"The Master of Those Who Know"
IT IS HARD NOT TO think of twelfth-century Spain as a scholar's paradise. The picture that comes to mind is that of a broad table, well lit by candles, on which are spread out dozens of manuscripts written in Syriac, Aramaic, Arabic, Hebrew, and Greek. Around the table, poring over the manuscripts, taking notes, or conversing animatedly, are bearded Jews, tonsured Christian monks, turbaned Muslims, and dark-haired Greeks. The setting is Toledo, a Spanish city long ruled by Islamic authorities but now under Christian control. The table occupies the center of a hall in the city's cathedral, whose archbishop, Raymund I, stands to one side, benevolently watching the polyglot scholars at their work. In his own hands, he holds a book written in Latin-apparently a Catholic missal or one of Saint Augustine's works. But close examination reveals its distinctly non-Christian authorship. The book that the archbishop holds so carefully, as if he were afraid it might once again disappear, is a new translation of De Anima-Aristotle's lost book on the soul.
How was this famous work-along with the rest of the Aristotelian corpus-rediscovered? The story really begins in the tenth century, when Christian knights launched the Reconquista (Reconquest)-a lengthy, on-again, off-again struggle to reclaim the Iberian Peninsula from the Muslims who had ruled it for more than three hundred years. The Christians would not drive the Muslims out of Spain altogether until the fall of Grenada in 1492, but by 1100, great centers of Islamic culture like Toledo and Lisbon were already under their control. The very length of this campaign, and the fact that the cities and peoples conquered were among the most civilized on earth, made it more "a work of co-penetration and synthesis" than a simple military crusade. One commentator justly calls it "a long-term, sensible, humane, even liberal process of fusion between different faiths and races, which does great honour to the people of medieval Spain and Portugal."1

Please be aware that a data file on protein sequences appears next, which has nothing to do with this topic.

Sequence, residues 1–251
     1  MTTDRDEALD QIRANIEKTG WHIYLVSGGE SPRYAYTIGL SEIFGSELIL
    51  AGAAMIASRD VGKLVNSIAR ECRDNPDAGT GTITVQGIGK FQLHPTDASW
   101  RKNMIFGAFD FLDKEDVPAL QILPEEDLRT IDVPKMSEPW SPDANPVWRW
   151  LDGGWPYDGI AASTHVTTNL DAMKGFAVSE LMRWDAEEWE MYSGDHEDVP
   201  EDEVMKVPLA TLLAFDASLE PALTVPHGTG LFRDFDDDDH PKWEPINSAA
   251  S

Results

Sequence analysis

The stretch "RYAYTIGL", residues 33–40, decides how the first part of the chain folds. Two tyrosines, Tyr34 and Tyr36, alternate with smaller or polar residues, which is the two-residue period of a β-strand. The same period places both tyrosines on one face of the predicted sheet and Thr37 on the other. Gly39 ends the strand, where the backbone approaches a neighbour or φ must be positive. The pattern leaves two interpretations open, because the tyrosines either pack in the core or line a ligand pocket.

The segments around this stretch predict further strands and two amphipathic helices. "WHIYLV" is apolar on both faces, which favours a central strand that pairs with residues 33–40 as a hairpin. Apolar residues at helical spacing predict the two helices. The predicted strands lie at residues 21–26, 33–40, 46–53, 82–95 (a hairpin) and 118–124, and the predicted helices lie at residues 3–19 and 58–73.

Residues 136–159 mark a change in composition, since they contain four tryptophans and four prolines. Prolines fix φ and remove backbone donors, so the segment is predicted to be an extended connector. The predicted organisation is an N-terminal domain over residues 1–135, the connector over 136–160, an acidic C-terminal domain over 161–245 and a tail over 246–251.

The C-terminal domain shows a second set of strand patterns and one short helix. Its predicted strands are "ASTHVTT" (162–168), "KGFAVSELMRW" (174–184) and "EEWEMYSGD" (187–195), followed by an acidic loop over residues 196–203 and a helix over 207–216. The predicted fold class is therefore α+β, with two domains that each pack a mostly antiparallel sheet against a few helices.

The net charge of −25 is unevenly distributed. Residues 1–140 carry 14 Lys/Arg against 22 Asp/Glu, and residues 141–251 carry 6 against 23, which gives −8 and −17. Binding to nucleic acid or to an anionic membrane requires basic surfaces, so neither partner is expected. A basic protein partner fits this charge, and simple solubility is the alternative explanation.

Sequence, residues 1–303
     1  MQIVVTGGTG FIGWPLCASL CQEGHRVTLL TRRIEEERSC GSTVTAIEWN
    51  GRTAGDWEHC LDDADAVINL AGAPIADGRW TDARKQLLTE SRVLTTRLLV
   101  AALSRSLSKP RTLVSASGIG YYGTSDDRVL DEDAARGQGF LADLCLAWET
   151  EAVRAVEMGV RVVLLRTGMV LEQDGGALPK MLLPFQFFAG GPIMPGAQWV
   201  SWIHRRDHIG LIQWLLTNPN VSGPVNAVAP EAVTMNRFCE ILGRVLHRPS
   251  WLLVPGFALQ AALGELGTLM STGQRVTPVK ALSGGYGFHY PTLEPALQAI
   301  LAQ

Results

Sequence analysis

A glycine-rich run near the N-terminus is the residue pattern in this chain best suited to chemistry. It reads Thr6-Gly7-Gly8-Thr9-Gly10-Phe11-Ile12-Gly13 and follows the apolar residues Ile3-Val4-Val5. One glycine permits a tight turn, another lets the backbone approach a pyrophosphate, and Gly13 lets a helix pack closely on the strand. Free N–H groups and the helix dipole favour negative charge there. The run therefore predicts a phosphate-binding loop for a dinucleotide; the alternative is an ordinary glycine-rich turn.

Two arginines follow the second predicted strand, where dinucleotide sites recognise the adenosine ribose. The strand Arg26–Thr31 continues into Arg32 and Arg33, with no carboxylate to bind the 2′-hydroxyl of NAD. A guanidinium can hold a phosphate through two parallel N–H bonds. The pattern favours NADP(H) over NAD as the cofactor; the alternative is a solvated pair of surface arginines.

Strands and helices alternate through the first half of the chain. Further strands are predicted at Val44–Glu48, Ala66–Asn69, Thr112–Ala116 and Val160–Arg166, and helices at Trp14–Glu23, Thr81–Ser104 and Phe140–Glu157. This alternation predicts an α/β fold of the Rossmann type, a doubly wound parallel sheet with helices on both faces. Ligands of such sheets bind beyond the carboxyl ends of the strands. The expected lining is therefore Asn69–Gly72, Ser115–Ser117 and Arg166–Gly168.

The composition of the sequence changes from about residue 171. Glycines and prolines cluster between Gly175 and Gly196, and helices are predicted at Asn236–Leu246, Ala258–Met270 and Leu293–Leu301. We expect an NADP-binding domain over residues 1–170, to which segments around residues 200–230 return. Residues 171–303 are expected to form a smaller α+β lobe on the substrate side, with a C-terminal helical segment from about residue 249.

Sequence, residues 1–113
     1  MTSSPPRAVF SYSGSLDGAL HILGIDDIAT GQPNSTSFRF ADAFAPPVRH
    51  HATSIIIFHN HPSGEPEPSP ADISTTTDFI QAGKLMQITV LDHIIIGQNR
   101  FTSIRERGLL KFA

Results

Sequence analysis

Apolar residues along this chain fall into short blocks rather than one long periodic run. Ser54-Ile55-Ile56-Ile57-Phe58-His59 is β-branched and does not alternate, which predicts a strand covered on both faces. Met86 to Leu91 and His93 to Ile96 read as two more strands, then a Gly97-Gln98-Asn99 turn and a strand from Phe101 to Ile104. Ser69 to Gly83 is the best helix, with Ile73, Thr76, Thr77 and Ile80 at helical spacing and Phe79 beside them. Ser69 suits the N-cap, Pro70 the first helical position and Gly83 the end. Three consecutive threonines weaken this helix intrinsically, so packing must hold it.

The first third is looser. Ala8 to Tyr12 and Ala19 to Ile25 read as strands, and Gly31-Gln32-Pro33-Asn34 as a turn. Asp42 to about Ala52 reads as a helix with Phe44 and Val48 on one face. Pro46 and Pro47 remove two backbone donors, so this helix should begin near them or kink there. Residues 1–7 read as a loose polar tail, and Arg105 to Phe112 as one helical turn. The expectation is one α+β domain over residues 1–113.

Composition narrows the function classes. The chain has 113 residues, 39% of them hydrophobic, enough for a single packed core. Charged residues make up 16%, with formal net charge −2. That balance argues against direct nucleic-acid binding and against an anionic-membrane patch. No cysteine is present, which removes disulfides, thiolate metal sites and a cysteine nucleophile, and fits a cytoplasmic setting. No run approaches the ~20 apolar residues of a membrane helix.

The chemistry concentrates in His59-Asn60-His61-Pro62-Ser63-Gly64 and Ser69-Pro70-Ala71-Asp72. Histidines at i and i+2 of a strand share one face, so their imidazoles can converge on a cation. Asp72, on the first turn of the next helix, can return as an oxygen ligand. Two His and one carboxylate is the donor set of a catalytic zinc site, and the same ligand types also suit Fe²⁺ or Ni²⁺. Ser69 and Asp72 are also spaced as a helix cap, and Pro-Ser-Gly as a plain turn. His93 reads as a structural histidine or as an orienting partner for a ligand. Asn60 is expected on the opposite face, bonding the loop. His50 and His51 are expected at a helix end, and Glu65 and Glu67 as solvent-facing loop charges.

In a way, the Reconquest resembled the "barbarian" takeover of Rome centuries earlier, for the society that the conquerors acquired was far more developed than their own. While Europe was just emerging from centuries of poverty and social strife, Muslim Spain-al Andalus, as the Arabs called it-was a land long enriched by international trade, brilliant artisanship, and a highly productive agriculture. The kingdom's rulers were literate men, heirs of the Roman tradition of rational-legal bureaucracy, and generous patrons of scholarship and the arts. Its world-famous poets anticipated and probably inspired the love songs of the troubadours. Its intellectuals were admired for their achievements in law, philosophy, mathematics, astronomy, and the natural sciences, as well as chemistry, metallurgy, and the practical arts. At a time when learning in Europe was confined to a few monasteries and church schools, the scholars of al Andalus taught in publicly supported universities and did research in well-stocked libraries. In an era when most Christian healers were still brewing herbs and casting spells, Muslim and Jewish physicians practiced something akin to scientific medicine.2